Kristen Somogyi (St. Peter’s of New Brunswick ‘92 The leading basketball scorer in state history with 3,899 points, she also led her team to two Non-Public B titles and one Tournament of Champions crown.
Jim Spanarkel (Hudson Catholic ‘75) The basketball and baseball star became the first 2,000 point scorer at Duke and first-round pick in the NBA, where he played five years before becoming a financial executive and basketball broadcaster.
Brian Taylor (Perth Amboy ‘69) An All-American basketball and football player in high school, he was a 2,495-point scorer in high school and 1,239 point scorer in two-seasons at Princeton before embarking on an 11-year career in the ABA and NBA.
Keiko Tokuda (Clifton ‘98) She went 86-0 and lost just two sets during her four-year tennis career, and also became the only four-time singles champion in state history. She then was a three-time NCAA team champion and All-America at Stanford.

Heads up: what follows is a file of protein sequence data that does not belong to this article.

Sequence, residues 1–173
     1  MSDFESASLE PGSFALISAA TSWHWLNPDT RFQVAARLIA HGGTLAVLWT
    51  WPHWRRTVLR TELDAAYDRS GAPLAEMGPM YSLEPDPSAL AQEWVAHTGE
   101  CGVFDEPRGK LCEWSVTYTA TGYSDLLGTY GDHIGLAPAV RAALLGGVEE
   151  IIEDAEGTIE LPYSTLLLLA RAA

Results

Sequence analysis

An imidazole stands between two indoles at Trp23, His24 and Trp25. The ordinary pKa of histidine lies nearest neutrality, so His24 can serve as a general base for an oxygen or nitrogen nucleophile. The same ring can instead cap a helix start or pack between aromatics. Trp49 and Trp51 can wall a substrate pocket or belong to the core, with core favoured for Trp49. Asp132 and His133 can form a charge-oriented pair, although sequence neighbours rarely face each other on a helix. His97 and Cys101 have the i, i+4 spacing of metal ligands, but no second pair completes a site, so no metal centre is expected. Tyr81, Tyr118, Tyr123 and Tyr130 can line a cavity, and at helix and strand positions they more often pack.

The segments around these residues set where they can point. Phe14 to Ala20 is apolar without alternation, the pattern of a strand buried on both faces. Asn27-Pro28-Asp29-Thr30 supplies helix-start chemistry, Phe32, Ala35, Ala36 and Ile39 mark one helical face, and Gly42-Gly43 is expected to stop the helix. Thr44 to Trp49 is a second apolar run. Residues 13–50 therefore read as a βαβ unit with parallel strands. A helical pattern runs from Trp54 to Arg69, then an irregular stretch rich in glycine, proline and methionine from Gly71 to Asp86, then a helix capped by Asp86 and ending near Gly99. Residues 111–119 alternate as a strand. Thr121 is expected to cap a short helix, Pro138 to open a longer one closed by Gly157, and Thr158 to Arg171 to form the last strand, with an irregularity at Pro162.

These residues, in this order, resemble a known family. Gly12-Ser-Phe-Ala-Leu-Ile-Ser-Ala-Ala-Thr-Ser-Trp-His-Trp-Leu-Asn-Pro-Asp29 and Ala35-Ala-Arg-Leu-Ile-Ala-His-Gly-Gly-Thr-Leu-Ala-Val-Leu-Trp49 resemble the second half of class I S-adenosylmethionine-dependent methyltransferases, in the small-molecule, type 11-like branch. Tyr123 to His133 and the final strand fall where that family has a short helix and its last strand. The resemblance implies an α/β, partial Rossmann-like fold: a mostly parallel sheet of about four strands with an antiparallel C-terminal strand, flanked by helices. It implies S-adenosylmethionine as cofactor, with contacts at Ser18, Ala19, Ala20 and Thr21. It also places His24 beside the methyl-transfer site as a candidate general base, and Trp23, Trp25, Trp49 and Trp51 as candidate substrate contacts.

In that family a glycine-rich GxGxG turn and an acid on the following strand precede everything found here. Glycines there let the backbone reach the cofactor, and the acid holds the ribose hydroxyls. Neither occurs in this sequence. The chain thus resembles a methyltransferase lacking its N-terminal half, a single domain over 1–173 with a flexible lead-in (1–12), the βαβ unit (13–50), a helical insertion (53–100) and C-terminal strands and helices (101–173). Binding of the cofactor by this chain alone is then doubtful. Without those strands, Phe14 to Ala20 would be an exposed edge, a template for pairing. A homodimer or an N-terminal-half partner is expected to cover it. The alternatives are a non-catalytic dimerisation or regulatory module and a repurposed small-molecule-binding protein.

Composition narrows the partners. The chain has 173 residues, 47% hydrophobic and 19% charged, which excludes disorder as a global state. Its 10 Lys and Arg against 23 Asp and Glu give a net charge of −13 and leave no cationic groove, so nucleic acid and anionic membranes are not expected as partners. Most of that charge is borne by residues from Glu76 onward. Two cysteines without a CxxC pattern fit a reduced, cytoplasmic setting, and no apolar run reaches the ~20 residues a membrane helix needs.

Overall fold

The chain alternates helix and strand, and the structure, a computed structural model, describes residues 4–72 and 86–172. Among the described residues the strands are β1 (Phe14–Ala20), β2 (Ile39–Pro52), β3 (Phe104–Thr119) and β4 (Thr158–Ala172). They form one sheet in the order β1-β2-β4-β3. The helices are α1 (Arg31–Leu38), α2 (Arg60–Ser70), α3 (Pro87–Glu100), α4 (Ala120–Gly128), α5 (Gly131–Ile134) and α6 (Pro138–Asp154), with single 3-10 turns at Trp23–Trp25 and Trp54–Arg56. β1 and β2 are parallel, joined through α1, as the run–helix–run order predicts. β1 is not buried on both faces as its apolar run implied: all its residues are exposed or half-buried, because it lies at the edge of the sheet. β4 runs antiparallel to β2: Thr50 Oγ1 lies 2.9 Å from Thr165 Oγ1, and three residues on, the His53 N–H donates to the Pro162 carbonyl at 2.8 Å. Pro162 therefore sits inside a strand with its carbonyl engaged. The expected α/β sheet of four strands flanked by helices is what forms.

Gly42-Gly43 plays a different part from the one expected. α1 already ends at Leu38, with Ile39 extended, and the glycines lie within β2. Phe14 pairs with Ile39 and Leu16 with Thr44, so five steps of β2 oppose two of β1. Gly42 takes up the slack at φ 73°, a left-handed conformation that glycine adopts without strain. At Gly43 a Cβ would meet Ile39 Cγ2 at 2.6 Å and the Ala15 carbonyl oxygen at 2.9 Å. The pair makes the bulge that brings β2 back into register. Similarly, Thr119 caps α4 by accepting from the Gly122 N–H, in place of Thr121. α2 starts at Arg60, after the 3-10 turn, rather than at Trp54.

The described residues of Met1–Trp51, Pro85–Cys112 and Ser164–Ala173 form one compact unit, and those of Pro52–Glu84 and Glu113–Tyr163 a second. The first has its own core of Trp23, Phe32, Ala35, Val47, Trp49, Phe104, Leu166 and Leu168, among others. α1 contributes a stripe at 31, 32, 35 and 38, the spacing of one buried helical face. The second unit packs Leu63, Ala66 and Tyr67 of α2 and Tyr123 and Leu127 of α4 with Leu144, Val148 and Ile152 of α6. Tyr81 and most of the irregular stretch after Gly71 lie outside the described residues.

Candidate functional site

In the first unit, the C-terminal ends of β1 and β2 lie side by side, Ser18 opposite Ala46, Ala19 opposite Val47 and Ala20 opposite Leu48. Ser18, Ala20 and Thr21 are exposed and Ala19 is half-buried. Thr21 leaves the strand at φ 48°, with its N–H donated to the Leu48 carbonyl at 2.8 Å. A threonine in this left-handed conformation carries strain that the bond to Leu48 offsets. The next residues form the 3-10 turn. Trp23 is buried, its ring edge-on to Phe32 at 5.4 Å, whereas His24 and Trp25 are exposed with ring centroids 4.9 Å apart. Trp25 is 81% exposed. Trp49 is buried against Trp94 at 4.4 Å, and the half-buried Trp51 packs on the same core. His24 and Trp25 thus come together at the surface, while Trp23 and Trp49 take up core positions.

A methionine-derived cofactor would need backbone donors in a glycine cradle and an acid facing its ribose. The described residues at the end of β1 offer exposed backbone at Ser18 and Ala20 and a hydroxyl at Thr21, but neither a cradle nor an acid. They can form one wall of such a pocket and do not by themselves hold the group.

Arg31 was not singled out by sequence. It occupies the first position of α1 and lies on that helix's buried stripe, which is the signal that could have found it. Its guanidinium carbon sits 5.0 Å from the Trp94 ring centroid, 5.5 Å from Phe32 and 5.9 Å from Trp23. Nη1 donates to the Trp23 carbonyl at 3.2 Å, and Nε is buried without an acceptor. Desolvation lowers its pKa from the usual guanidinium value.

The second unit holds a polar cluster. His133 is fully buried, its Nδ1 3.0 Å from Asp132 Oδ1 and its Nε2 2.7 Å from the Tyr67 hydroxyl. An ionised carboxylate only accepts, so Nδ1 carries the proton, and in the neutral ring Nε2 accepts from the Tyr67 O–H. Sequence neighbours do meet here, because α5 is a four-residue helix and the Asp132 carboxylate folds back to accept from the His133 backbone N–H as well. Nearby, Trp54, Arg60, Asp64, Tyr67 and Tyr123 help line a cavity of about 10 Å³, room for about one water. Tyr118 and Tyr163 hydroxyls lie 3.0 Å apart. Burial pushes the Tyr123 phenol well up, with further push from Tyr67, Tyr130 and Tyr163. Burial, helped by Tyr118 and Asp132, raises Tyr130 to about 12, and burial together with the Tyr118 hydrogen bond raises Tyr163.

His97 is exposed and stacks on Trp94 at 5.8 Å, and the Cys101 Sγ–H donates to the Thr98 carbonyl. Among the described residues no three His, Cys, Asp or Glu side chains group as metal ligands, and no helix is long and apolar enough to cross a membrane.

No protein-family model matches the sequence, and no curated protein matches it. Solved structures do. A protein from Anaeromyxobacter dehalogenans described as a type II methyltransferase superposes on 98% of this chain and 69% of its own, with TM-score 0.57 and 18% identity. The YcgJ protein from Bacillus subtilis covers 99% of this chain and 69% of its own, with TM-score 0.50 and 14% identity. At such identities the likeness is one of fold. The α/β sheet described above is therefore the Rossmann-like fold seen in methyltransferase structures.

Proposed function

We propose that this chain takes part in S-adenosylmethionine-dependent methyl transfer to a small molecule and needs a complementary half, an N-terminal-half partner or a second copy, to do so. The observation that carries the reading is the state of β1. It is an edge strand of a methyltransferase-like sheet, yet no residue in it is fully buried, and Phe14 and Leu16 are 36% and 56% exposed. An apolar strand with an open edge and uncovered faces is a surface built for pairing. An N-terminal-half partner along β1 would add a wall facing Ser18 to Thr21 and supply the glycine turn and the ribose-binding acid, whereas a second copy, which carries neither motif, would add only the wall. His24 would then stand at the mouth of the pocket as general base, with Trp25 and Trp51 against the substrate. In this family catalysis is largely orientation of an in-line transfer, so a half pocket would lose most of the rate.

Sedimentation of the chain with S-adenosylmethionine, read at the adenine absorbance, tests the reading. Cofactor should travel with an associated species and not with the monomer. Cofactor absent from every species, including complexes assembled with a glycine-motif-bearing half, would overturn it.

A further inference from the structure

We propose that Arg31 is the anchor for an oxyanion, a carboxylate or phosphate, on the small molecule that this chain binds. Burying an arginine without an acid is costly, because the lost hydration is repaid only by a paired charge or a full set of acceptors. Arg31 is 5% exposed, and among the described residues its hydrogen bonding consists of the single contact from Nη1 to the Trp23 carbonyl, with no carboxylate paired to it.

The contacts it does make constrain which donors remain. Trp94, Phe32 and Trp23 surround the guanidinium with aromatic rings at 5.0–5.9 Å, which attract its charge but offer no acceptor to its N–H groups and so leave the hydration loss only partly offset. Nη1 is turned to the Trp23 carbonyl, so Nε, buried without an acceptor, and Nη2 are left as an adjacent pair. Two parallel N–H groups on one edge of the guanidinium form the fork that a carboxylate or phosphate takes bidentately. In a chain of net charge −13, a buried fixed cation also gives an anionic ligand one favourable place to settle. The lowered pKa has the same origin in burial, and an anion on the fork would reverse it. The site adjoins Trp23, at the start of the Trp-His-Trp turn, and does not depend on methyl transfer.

Stan Woods The wrestling coach at Emerson since 1967, he’s had one losing season during his 51 years, winning 37 conference titles and a state-record 751 matches.
After each inductee was introduced by master of ceremonies Rich Kane, they came forward to receive a plaque and medal from representatives from Gallagher/Bollinger and the NJSIAA.
Raftery, now an Emmy-winning college basketball analyst for CBS and FS1, then spoke on behalf of the entire group. In his remarks, he made sure to credit the common threads to each inductee’s success - their families, and their coaches.
Afterward, he expressed great pride in the Hall of Fame honor and his inclusion among the group.